Traditional business thinking views change as risk, while composable thinking is the means to master the risk of accelerating change and to create new business value.”Monika Sinha, Research VP, Gartner
That’s a quote from Monika Sinha, a research VP at Gartner, announcing the 2022 Gartner CIO and Technology Executive Agenda. The “composable enterprise” is term that Gartner uses for businesses that leverage technology and digital process automation as a modular set of Lego Blocks and malleable workflows to innovate and adapt their services and operations.
It’s the antithesis of being locked in to the rigid and fragile monoliths of Ye Olde Times.
It’s part of the long arc of wrestling with Martec’s Law — that technology changes faster than organizations do, but organizations that are able to adapt more quickly than their competitors win. Instead of constantly fighting change, which is inevitably a losing battle, they intentionally embrace it as a competitive advantage.
In software engineering, the shift towards microservices, API-first development, serverless computing, etc., have all been steps that lean towards “composability.”
In martech, you could argue that martech stacks have been examples of composable-like functionality too. Admittedly, the coherence of these stacks were often quite crude at first, leading to marketing’s own Quest for the Holy Grail of better app integration. But as martech app platforms continue to strengthen their ecosystems, more and more apps become true plug-and-play options, instead of do-it-yourself assembly with Scotch tape (emphasis on the Scotch) and rubber bands.
The pattern of aggregation theory in tech stacks — where platforms from data warehouses like Snowflake to collaborative communications centers like Slack increase in value as you connect more things to them — is steadily turning “stacks” into virtual platforms, helping to enable such composability.
However, this is a very different — and for many, uncomfortable — way of thinking. For decades, the mantra has been consolidation, both in the market and in our tech stacks. While composability and aggregation rest on a certain degree of consolidation, at the platform layer, their value is in enabling greater diversity at the apps-and-ops layer of business.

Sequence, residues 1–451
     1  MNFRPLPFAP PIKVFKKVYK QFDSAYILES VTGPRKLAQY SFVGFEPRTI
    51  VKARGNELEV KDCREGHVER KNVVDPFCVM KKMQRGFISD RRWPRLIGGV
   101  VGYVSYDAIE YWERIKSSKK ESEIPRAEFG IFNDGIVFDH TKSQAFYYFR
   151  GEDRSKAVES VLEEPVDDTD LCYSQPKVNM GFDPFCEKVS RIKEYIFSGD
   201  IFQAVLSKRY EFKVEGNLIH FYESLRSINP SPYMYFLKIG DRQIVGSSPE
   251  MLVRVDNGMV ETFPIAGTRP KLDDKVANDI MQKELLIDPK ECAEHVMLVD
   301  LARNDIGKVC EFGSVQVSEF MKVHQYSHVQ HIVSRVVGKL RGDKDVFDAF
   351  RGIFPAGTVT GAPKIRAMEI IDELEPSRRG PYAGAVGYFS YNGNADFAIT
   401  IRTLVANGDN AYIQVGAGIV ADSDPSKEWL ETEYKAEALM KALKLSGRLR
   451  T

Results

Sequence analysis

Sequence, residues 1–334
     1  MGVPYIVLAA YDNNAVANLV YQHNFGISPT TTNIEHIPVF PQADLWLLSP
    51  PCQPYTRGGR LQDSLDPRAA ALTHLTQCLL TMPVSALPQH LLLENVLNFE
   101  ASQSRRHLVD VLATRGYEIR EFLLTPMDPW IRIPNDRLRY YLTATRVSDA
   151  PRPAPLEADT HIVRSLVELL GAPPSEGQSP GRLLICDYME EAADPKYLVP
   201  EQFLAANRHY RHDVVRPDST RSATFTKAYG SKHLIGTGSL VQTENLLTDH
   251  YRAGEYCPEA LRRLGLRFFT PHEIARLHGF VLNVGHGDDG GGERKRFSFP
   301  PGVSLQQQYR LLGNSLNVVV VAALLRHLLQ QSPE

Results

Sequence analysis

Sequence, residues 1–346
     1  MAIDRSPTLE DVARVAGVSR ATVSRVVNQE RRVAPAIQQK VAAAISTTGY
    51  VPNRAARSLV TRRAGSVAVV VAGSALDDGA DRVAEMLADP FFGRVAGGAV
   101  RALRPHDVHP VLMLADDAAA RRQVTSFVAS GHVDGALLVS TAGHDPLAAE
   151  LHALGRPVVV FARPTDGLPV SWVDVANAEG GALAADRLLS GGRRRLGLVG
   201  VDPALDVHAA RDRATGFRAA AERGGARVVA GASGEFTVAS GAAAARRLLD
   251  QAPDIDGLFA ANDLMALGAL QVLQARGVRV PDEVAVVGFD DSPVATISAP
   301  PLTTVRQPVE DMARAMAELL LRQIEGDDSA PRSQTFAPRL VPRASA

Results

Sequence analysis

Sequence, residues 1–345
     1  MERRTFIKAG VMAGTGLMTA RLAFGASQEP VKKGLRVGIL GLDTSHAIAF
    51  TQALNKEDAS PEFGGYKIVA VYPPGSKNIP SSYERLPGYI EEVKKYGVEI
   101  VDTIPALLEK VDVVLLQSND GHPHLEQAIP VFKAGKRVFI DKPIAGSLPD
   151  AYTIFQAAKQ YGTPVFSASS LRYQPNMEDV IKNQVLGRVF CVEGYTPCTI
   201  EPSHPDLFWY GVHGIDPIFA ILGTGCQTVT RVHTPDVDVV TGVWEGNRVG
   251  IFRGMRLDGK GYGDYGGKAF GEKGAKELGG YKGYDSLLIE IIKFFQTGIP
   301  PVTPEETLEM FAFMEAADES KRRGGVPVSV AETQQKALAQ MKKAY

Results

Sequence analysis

Gartner offers a summary of differences between traditional and composable thinking:You have to read between the lines and squint a little bit, but the shift in emphasis towards flexibility/agility, enabling “multiple outcomes simultaneously,” distributed and emergent governance, etc., all support a fluid and diverse app and ops landscape inside the business. It epitomizes platform centralization to support use case decentralization as I proposed in The New Rules of Marketing Technology & Operations a few years ago.
Gartner explicitly links this to the low-code/no-code movement. Low-code/no-code — LCNC, as the cool kids call it — platforms provide the digital breadboards upon which business technology and ops professionals can arrange workflows, automations, and custom apps in a drag-and-drop fashion. These AI-powered, no-code tools are imbuing marketers with superpowers to quickly build a widening range of front-stage customer touchpoints and back-stage operational processes in a mostly self-service fashion.
David Peterson, a partner at Angular Ventures, published a great article on this last month, claiming this as the rise of “customer-built growth” and how the no-code design paradigm is revolutionizing enterprise software. I found this table of his fascinating:
He sees these composable LCNC platforms as a new wave of software, and I think he’s right. Startups have been using these platforms to the hilt over the past couple of years. The “composable enterprise” narrative from Gartner will help legitimize their adoption in larger businesses now too.
All of this feeds into The Great App Explosion — including both API-enabled, integrated-out-of-the-box commercial apps as well as custom apps built on cloud platform APIs with LCNC tools. We could quibble over the definition of an “app” perhaps. But there’s no denying that the number of discrete software thingys operating in our digital environment is only increasing.
Managing that drives us into the post-Big Data era of Big Ops.